Here, Ball seeks an order that Hess is not entitled to its attorney's fees as a matter of law. In opposition, Hess contends that pursuant to Paragraph Six of the Base Agreement, it is entitled to an award of attorney's fees. According to Paragraph Six, entitled, "Billing and Payment,"
[Hess] will invoice [Ball] for Electricity delivered under the Transaction(s) and any other amounts incurred by [Ball] under the Agreement. [Ball] will make payment pursuant to [Hess's] invoice instructions within fifteen (15) days of the date of [Hess's] invoice. If [Ball] disputes any Invoiced amount, [Ball] will contact [Hess] immediately and pay the undisputed amount by the payment due date. If payments have been made and it is subsequently determined that [Hess] overcharged or that [Ball] was undercharged, then as applicable, [Hess] will refund the overcharged amount or [Ball] will pay [the] undercharged amount within the standard payment terms herein. No retroactive adjustments will be made beyond a period of twenty-four (24) months from the date of a billing discrepancy. If the volumes delivered cannot be verified by [Hess] at the time the invoice is issued, the invoice volumes will be based on [Hess's] good faith estimate of the volumes delivered. Unless disputing an invoice as provided for herein, if [Ball] fails to remit the full amount payable by it when due, [Ball] will pay interest from the due date until the date payment is made. ... [Ball] will be responsible for all costs, fees and expenses (including reasonable attorney's fees) incurred by [Hess] in collecting the amount payable. ¶ 6 to the Base Agreement. Paragraph Six refers to the collection of payment on an invoice, not, as here, litigation for breach of the agreement. By contrast, Paragraph Sixteen of the Base Agreement sets forth the parties' agreement that "[Ball] will defend and indemnify [Hess] against all losses, costs and expenses, including costs and reasonable attorney's fees, arising out of claims regarding personal injury or property damage ... [and that] [Hess] will defend and indemnify [Ball] against any losses, costs and expenses, including court costs and reasonable attorneys' fees, arising out of claims of title, personal injury or property damage... ." ¶ 16 to the Base Agreement (emphasis added). Had the parties intended to require indemnification for attorney's fees arising out of claims for breach of the agreement, they could have done so, making their intention unmistakably clear. Because they have failed to do so, the court will not direct that Hess is entitled to attorney's fees stemming from its prosecution of this action against Ball.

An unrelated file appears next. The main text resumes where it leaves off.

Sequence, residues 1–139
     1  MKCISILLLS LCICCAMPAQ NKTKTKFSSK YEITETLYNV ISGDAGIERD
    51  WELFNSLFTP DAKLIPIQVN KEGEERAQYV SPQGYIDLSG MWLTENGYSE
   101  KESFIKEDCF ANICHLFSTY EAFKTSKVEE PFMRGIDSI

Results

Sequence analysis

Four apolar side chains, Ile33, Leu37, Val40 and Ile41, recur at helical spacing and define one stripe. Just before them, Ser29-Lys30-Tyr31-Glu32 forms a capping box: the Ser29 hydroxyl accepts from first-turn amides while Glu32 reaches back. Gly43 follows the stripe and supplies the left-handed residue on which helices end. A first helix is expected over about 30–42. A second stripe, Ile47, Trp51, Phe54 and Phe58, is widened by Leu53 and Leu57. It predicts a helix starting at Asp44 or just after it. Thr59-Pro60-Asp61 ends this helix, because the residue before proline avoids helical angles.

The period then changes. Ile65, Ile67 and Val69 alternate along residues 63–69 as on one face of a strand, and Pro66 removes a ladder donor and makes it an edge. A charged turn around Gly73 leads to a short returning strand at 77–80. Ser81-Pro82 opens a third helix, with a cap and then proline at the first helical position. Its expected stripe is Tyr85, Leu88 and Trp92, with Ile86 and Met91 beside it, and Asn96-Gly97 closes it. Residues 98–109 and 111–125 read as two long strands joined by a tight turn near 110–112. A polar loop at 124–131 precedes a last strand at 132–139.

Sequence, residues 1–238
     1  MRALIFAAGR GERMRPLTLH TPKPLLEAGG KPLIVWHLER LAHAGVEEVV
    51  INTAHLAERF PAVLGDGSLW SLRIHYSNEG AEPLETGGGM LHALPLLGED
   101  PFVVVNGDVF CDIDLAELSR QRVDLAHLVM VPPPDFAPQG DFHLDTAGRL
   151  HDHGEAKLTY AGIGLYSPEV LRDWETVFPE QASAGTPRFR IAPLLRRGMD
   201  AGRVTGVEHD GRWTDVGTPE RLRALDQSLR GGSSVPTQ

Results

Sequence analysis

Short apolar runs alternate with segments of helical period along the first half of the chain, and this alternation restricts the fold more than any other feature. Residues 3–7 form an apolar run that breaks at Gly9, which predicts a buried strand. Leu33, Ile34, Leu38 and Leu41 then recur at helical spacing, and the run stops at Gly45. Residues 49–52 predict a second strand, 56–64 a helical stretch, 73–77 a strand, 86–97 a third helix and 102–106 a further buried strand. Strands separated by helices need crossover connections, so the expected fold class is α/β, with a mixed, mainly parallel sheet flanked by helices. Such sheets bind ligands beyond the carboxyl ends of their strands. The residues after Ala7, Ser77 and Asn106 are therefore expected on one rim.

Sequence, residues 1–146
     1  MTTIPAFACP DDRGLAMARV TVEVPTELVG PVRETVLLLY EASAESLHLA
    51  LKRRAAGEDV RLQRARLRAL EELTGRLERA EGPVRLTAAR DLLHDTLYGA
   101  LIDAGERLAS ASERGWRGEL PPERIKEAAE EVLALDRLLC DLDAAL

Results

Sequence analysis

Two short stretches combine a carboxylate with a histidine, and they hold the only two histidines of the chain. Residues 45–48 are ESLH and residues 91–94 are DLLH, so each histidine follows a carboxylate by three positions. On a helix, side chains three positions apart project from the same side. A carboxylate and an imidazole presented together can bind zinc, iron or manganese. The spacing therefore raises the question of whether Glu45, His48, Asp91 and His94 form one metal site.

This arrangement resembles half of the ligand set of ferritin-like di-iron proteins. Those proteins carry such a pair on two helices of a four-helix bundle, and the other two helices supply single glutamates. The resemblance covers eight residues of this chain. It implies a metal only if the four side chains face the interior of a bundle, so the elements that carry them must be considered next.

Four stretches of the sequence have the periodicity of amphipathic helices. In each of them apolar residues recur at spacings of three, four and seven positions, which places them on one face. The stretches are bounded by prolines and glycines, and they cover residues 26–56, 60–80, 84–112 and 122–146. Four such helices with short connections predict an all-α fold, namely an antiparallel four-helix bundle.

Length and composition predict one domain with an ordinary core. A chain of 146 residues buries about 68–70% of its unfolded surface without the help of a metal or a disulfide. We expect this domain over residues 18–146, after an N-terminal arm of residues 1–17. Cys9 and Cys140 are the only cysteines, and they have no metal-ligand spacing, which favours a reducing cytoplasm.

In accordance with the foregoing, it is ORDERED that the motion for summary judgment by plaintiff, Hess Corporation regarding liability as to its breach of contract claim, see Dkt. No. 39, is GRANTED; and it is further ORDERED that the motion for summary judgment by defendants Ball Corporation; Ball Packaging Corporation; Ball Plastic Container Corporation; and Ball Metal Beverage Container Corporation, see Dkt. No. 37, is GRANTED in part and DENIED in part; and it is further ORDERED that plaintiff's claim for breach of the duty of good faith and fair dealing is DISMISSED with prejudice.
Remaining for resolution at trial is the amount of damages due Hess Corporation under Paragraph Twelve of the Base Agreement. The parties are strongly encouraged, however, to negotiate a settlement agreement regarding damages, and shall report their progress to the court in said negotiations no later than thirty days from the date of filing of this order.
IT IS SO ORDERED.